Let’s take a look at one more sentence:
Mary pisze książkę o ekonomii. (“Mary is writing a book about economics.”)
Even though the subject of the sentence is completely different, the preposition o is still followed by the locative. Looking at the three sentences we’ve discussed so far, you might be tempted to conclude that all English prepositional phrases with about translate into o + locative.
And, of course, there’s a catch.
Some verbs combined with o – a primary example being pytać o (“to ask about”) – require the object to take the accusative case, rather than the locative case. Here’s an example sentence:
Tom pytał o twoją siostrę. (“Tom asked about your sister.”)
Needless to say, most prepositions can be used in various contexts. This means that in some expressions, o might correspond to an entirely different English prepositio. So instead of always being tied to about, it can also be translated as at or for. Take a look at the two sentences below:
Jem śniadanie o dziewiątej. (“I eat breakfast at nine.”)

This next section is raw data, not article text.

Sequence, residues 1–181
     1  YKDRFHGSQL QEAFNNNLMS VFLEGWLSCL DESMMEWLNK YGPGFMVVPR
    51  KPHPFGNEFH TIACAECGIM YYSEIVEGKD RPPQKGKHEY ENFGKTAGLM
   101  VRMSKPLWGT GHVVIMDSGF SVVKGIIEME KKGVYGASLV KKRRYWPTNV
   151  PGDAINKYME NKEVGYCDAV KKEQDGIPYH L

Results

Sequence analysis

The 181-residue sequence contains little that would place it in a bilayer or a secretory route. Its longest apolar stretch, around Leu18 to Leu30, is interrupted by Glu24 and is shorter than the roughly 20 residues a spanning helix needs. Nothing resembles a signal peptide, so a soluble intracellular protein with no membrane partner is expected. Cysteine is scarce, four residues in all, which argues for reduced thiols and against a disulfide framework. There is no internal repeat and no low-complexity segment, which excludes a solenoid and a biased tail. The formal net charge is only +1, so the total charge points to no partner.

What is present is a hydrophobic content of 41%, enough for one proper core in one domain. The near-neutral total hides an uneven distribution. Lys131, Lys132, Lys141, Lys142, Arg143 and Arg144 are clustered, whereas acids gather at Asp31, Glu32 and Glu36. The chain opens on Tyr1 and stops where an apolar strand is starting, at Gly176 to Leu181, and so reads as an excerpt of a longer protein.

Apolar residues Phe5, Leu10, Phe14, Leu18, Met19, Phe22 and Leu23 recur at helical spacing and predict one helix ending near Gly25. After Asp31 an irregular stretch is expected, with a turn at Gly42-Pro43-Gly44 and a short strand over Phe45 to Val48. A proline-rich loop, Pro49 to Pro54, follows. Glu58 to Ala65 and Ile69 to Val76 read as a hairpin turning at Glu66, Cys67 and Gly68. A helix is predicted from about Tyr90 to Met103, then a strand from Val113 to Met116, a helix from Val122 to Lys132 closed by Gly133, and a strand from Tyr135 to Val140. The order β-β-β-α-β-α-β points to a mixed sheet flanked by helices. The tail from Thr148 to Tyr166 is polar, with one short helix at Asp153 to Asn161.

Julia prosi mamę o nowy komputer. (“Julia asks her mom for a new computer.”)
All this might seem a little confusing at first, and no wonder – if your mother tongue is English, you’re not used to thinking about prepositions as something that might affect the form of the following word.
While it is theoretically possible to learn all the use cases by heart, a much more practical way to approach this challenge would be to expose yourself to as many Polish sentences as possible. Sooner or later, you’ll get the hang of it. And even if you make the occasional mistake, you’ll still very likely to be understood. Now, let’s move on to another preposition.
Case study no. 2: the Polish preposition “za”
Depending on the context, za can correspond to several distinctive English prepositions.
In its simplest, most physical sense, za is used where English would use behind. In this case, the following phrase must take the instrumental case:
Co jest za tymi drzwiami? (“What is behind this door?”)
In more abstract contexts, za can be combined with phrases in the accusative to mean for something. Here are three example sentences with three different verbs:
Adam płaci za obiad. (“Adam is paying for the lunch.”)
Dziękuję za pomoc. (“Thank you for your help.”)
Kupiłem ten rower za 300 dolarów. (“I’ve bought this bicycle for 300 dollars.”)
But yet again, you cannot expect English translations like for to be useful at all times. Sometimes the best English translation is… no preposition at all. This will always be true for the verb tęsknić, which requires the instrumental case: